Related topics: children · brain · google · babies

Is scruffing the best way to handle an upset cat?

Many of us were taught that "scruffing" a cat—or grabbing the animal by the loose skin at the back of the neck—is not only an effective mode of restraint, but also causes cats to relax. The thought behind this is that ...

Community size matters when people create a new language

Why are languages so different from each other? After comparing more than 2000 languages, scientists noticed that languages with more speakers are usually simpler than smaller languages. For instance, most English nouns can ...

page 1 from 23

Language

A language is a system for encoding information. In its most common use, the term refers to so-called "natural languages" — the forms of communication considered peculiar to humankind. In linguistics the term is extended to refer to the human cognitive facility of creating and using language. Essential to both meanings is the systematic creation and usage of systems of symbols—each referring to linguistic concepts with semantic or logical or otherwise expressive meanings.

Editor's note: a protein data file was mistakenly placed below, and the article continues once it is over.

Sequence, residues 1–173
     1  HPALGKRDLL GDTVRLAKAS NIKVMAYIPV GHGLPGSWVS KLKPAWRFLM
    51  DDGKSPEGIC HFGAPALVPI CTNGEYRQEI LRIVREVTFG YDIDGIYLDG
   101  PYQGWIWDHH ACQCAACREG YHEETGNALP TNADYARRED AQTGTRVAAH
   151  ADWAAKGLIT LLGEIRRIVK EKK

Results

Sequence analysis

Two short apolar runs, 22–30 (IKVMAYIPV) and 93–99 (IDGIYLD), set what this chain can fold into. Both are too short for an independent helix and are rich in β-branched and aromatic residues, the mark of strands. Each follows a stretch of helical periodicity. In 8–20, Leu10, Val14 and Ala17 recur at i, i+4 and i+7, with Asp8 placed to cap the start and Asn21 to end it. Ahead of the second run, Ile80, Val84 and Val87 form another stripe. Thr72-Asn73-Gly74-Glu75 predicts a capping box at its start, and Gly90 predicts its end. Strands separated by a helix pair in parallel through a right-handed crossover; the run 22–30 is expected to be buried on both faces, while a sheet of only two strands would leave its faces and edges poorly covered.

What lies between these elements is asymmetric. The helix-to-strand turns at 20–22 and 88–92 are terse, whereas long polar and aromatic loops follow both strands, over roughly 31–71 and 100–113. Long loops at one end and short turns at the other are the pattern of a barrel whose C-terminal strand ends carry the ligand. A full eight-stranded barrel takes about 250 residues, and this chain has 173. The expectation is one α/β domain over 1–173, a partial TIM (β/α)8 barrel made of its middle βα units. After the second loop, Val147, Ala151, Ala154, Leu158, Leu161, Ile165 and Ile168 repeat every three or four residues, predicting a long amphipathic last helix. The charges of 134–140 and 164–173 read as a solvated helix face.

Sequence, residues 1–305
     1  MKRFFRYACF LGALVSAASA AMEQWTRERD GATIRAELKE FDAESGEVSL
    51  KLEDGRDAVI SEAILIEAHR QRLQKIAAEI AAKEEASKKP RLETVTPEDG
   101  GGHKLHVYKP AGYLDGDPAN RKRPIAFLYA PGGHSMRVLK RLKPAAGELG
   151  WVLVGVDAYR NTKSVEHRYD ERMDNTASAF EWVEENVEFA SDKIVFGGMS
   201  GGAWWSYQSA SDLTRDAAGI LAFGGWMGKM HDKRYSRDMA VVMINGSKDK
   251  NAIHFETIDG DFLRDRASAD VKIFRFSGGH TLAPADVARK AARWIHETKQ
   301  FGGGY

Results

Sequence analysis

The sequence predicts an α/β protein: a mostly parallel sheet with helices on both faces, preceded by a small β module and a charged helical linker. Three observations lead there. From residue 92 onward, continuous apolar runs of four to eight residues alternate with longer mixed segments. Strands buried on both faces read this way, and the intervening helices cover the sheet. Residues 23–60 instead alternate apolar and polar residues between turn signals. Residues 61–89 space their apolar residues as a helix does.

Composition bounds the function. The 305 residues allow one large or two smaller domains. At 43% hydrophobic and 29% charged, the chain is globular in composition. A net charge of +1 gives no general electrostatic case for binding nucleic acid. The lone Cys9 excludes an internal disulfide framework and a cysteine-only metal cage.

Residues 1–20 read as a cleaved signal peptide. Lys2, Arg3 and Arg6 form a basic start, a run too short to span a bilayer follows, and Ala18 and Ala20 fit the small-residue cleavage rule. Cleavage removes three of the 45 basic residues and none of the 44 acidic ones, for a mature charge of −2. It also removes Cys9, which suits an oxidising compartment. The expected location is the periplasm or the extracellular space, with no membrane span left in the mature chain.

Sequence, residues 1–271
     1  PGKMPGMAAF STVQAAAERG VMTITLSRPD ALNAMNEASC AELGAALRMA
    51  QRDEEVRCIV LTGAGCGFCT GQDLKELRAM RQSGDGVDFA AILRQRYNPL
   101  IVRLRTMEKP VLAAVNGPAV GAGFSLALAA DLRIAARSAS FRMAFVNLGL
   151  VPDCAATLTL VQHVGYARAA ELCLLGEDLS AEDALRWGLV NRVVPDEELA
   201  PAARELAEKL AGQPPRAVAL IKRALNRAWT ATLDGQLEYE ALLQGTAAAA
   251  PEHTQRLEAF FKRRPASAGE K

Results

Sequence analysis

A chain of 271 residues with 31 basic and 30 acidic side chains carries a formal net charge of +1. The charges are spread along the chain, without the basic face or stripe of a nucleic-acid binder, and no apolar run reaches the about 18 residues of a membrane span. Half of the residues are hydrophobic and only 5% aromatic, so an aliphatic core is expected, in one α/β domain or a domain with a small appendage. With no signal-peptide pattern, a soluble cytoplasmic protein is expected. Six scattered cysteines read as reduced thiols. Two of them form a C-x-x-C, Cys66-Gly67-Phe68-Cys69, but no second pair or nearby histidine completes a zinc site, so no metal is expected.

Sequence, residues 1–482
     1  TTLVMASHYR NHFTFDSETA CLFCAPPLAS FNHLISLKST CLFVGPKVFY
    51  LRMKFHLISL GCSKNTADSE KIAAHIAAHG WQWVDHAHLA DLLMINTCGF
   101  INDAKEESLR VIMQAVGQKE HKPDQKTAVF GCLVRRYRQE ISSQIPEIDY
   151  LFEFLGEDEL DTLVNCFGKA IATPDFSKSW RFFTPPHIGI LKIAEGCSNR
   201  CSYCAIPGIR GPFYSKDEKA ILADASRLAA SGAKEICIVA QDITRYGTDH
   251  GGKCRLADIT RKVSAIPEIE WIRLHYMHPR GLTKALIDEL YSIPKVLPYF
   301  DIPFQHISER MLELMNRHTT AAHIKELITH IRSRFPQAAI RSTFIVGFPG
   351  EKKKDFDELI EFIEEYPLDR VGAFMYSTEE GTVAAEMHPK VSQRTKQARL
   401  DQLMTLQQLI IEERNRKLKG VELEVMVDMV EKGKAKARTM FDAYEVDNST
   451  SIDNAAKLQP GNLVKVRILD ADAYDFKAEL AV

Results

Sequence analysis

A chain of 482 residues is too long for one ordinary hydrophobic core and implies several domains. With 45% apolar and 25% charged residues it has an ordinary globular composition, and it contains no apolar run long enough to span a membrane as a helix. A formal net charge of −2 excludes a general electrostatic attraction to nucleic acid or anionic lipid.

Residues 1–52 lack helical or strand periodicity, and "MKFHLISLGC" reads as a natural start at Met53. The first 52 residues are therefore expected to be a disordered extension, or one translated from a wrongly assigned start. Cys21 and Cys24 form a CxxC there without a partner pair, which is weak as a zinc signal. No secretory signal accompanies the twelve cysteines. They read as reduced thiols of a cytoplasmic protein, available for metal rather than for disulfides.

The most obvious manifestations are spoken languages such as English or Spoken Chinese. However, there are also written languages and other systems of visual symbols such as sign languages.

Although some other animals make use of quite sophisticated communicative systems, and these are sometimes casually referred to as animal language, none of these are known to make use of all of the properties that linguists use to define language in the strict sense.

When discussed more technically as a general phenomenon then, "language" always implies a particular type of human thought which can be present even when communication is not the result, and this way of thinking is also sometimes treated as indistinguishable from language itself.

In Western Philosophy for example, language has long been closely associated with reason, which is also a uniquely human way of using symbols. In Ancient Greek philosophical terminology, the same word, logos, was used as a term for both language or speech and reason, and the philosopher Thomas Hobbes used the English word "speech" so that it similarly could refer to reason, as will be discussed below.

This text uses material from Wikipedia, licensed under CC BY-SA